Anonymous More than 1 year ago
This book was on the summer reading list for my daughter's 6th grade Honor's ELA class. We purchased it this afternoon on Nook, and just finished it! I read it aloud to her, and we were both completely immersed from the start. There is one sentence that I couldn't finish without tears. The evolution of Korinna's thinking is truthful and redeeming. The suffering and judgement and loss that take place are real and it's uncomfortable at times to think about. So many aspects of life for all of us to consider, even now. Especially the last few lines...about freedom...and love. Only one complaint, and that is the fact that 2 pages were missing from the Nook version. At the most crucial moments, too!
Anonymous More than 1 year ago
It is cool b/c it is one of the few books that tell it from a non jews point of vew
Anonymous More than 1 year ago
Good book we r reading it in reading class im on chapter 5
Anonymous More than 1 year ago
i loved this book it was very exciting and unpredictable
i leaned a lot about the holocast from this book
it was just very interesting and recomend it 100%
Guest More than 1 year ago
Germany¿s Style Behind The Bedroom Wall, some people ask ¿what are you talking about¿, but the ones who have read it know what I am talking about. Well if you don¿t know listen up because I am going to tell you. It is a fantastic book. It has a little mystery, a lot of suspense, and a whole lot of fun (not in prejudice way). But this book is highly recommended by a lot of people including me.¿Whats so special about the book¿, well a bunch of things. If you haven¿t read it I will tell you a portion of it. Well it starts as a young girl named Korrina, who lives in Germany and is supposedly called a loyal German. She has 2 best friends one called Rita and the other called Eva. She goes to school like everyone else and goes home like everyone else. So the day starts normal and she goes to school. On the way there her friend Rita catches up with her and they walk to school together. So Rita starts talking about how her brother Hans (also a German officer) had busted the butcher called Haase, for hiding Jews in his house. ¿He got sent to a concentration camp¿ said Rita. They continued walking until they got to school. When the day was over Korrina went to her Fungmadel meeting where they worshiped Hitler and Germany. When she got back from her meeting she got home greeted her mother, ate, and went to bed (this would be a normal day). The next few days continued like that, but during the days she heard some scurrying noises in her wall, and suspected it was mice. Then one day when she came home she greeted her mother, and called down her dad for dinner. When they had finished her dad told her that a present was waiting for her next to his boots. She got there there was a box with holes punched in it. As she opened it inside she saw a blob of black and white fur. It was a little kitten. Here father said to her as she cuddled the fur ball, that it was for the mice in the walls. She had token him out of the box and hugged him as she went to sleep. During the next few days, her teacher was arrested and when she went home she figured out that her parents were traitors!!!!! They had been hiding the Enemy (the Jews). Is she a loyal German? Will she tell on her parents? What will happen if she doesn¿t tell? Will she warm up to the idea of liking Jews. These Questions can only be answered in the book. One more question. Will you take the amazing adventure and read the book? That question only you can answer.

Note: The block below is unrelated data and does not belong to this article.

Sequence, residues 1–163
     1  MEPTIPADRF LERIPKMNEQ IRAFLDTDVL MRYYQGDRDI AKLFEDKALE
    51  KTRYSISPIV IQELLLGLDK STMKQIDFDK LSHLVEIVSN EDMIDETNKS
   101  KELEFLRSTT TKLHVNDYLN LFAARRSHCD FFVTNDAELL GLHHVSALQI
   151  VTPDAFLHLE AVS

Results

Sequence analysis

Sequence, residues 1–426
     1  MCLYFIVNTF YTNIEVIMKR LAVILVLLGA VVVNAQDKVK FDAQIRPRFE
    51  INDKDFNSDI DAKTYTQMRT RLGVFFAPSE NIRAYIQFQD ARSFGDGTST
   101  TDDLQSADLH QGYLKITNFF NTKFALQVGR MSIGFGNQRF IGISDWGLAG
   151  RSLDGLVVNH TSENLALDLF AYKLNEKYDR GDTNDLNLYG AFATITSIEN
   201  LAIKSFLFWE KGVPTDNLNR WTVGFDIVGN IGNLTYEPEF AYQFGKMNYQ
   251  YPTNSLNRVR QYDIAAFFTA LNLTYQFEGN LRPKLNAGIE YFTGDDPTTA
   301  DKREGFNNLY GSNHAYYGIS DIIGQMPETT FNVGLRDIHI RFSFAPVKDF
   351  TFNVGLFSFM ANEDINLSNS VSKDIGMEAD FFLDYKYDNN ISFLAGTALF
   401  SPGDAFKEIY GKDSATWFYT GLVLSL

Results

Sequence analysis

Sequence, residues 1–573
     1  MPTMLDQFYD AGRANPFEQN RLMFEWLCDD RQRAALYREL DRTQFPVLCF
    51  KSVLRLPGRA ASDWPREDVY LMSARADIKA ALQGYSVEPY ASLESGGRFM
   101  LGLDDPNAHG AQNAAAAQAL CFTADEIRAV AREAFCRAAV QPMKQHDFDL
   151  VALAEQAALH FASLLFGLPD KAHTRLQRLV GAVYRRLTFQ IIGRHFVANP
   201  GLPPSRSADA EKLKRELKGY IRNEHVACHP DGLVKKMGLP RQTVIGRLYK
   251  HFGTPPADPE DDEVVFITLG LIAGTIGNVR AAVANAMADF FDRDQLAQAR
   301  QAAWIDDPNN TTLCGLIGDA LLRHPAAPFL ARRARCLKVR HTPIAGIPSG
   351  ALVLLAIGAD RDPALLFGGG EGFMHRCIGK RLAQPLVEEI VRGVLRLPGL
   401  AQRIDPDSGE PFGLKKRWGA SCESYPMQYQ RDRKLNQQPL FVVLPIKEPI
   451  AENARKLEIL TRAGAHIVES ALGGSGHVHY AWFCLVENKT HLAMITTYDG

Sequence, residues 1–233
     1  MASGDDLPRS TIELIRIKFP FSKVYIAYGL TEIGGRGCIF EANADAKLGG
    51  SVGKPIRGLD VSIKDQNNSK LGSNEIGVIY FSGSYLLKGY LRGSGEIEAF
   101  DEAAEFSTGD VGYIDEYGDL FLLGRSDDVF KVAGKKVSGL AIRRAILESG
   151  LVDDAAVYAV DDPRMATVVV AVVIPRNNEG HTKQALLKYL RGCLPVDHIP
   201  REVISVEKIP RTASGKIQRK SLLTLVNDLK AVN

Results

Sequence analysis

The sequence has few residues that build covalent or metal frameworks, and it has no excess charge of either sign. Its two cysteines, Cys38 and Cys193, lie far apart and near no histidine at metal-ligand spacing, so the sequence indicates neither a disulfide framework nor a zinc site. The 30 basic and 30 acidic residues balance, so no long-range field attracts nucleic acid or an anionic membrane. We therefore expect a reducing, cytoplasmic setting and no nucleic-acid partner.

Anonymous More than 1 year ago
I want to read it and you will to!!!!
Anonymous More than 1 year ago
This is such good book u should read it i dont like to read but this book helped a lot
Anonymous More than 1 year ago
I have this book at my library and iin the middle of reading right now i think on page 12 and its a good book
Anonymous More than 1 year ago
Anonymous More than 1 year ago
This book was very interesting. I wish it would tell us more about what happens next. I highly recommend this book to everyone 10+
Anonymous More than 1 year ago
I just love this book! I am 8,this is a lot like number the stars
Anonymous More than 1 year ago
Korinna, a 13-year-old German couldn't ask for a better life. She had great friends, great family who were all loyal to Hitler, and was in the Jungmadel group. But when she finds Jews behind her wall, she is crushed. Korinna suddenly realizes she must pick whom to trust, whom to love
Anonymous More than 1 year ago
Anonymous More than 1 year ago
Anonymous More than 1 year ago
I could not set it down
Anonymous More than 1 year ago
Anonymous More than 1 year ago
So full if meaning. Laura did a great job. Soneone named Eva by joan m. Wolf is sooo much better though.
Anonymous More than 1 year ago
Great book!
Anonymous More than 1 year ago
I love this book!!!!!!!!!!! Iam German and this is not fare!!!!!!!! But is a great book!!!!!!!!!Great characters and strong words!!!!!!! I read it in 3 days and enjoyed every bit of it!!!!!!!!!!!!!!!
Anonymous More than 1 year ago
Unexpecred things happen in this book.it's one of the best books i have ever read. The things that happen in this book could have happend to u if u were alive at that time.if i were alive at that time i would do what her parents have done. This book is awesome.if u start readig this book someone else will have to wake u up from. If someonetalks to u when u were in middle of reading u will get really mad. Just saying dont stop reading. :) & : - l
Anonymous More than 1 year ago
Anonymous More than 1 year ago
I think this book is good because one of the groups in my class are reading this book i think this is a swell book
Anonymous More than 1 year ago
Great book first one i actually finished in 3 weeks